Over the weekend, global food distributor JBS S.A. has become the latest victim of a ransomware attack. The cyberattack that flattened operations found sources assigning blame to the REvil Group as the responsible gang. Cybercriminals have been remarkably vigorous most recently in targeting services and industries that we deem essential around the world with a series of attacks against governments, national health agencies and other critical infrastructure that can have a significant effect on people’s everyday life.
Several JBS servers supporting North American and Australian IT systems of JBS Foods were targeted, according to a statement by JBS USA. The company informed customers that the “vast majority” of JBS Foods’ beef, pork, poultry and prepared foods plants will be back in operation.
Bloomberg was notified by individuals that the notorious Russia-linked hacking group is behind the attack against JBS SA. The REvil cyber gang also goes by the name Sodinokibi. REvil has gained a notorious reputation for attempting to extract far larger payments from its corporate victims than that typically seen in other attacks. It is vigorously advocated as the best choice for attacking business networks where a lot more profit can be made on underground cybercrime forums. REvil applies pressure onto its victims through the technique of stealing data from the computers and networks of its victims before they are encrypted. If ransom demands are not met then REvil impends to publish the stolen data, by auctioning it off on its website.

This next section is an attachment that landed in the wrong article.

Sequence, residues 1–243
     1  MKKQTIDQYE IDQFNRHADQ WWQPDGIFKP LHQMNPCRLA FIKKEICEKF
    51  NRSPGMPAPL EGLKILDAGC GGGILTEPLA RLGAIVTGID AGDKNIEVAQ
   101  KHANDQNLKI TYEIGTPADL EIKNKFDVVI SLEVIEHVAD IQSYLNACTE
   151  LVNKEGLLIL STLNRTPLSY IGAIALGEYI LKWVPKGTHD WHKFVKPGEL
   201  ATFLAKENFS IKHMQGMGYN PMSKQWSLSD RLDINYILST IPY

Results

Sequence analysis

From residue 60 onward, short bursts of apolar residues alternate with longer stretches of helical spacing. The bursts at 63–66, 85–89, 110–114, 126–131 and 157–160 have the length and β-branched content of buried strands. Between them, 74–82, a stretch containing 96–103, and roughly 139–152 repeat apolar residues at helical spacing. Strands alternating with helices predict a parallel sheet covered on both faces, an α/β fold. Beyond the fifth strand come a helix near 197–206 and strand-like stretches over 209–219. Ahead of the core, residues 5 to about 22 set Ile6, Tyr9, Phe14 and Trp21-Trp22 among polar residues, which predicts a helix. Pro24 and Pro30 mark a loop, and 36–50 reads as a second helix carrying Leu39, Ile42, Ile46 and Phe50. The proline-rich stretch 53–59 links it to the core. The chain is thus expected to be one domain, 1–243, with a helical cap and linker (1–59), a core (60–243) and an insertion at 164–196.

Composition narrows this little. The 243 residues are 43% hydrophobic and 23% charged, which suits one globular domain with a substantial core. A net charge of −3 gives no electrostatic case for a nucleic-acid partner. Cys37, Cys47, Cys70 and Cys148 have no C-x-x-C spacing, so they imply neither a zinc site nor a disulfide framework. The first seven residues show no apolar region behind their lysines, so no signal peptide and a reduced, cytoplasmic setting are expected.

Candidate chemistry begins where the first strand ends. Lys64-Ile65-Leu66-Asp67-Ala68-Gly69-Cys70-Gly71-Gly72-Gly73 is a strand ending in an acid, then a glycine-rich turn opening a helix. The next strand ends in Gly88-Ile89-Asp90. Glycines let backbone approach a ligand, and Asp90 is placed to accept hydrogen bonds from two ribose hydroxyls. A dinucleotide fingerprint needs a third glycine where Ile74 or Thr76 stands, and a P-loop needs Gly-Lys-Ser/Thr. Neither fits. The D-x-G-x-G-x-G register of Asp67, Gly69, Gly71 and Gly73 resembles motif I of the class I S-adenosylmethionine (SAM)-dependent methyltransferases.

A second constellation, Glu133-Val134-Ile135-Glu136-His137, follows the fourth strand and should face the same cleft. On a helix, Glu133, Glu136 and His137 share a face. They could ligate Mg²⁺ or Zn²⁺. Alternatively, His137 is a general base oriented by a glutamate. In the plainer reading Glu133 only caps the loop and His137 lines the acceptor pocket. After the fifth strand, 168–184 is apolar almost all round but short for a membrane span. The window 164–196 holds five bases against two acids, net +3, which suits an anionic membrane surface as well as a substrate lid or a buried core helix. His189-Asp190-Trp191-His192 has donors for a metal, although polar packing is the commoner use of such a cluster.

Andre Nogueira, JBS USA CEO, said in a statement that the company’s systems are coming back online and that it’s “not sparing any resources to fight this threat.” JBS has cybersecurity plans in place for these types of incidents and is successfully executing them, he said. In the case of a ransomware attack, that means relying on backups.
Fortunately, JBS’ backup servers were not altered nor affected, and the company have been working with a third-party incident-response firm to restore operations. Cybersecurity experts have observed that attacks are getting more vicious and more destructive, with attackers taking the extra time and effort to remove backups prior to deploying ransomware.
As of Tuesday, JBS USA and Pilgrim’s were able to resume operation and ship food from nearly all of its U.S. facilities, Nogueira noted and were still making progress in resuming plant operations in the U.S. and Australia. JBS currently has not found any evidence that any customer, supplier or employee data was compromised.
US President Biden has initiated a prompt tactical review to address the increased threat of ransomware as it is claimed that combating ransomware is a priority for the administration. The attack o JBS seemed to follow suit or serve as an echo of the reaction to the attack on a major U.S. oil pipeline, that was carried out by ransomware group DarkSide.
Cybersecurity professionals have been tracing the ransomware risk to the food production industry and say that the industry is setting itself up. The findings are 40% of companies are at increased risk due to poor patching practices.
According to cybersecurity professionals than 70 percent of food companies are at increased risk of ransomware due to “less-than-ideal” security practices and that food companies have been left at a higher risk due to them taking longer to patch vulnerabilities than the recommended industry standard, leaving them at higher risk. Compared to other sectors, food production is in the 60th percentile of security performance, making it markedly more at-risk to ransomware than other sectors.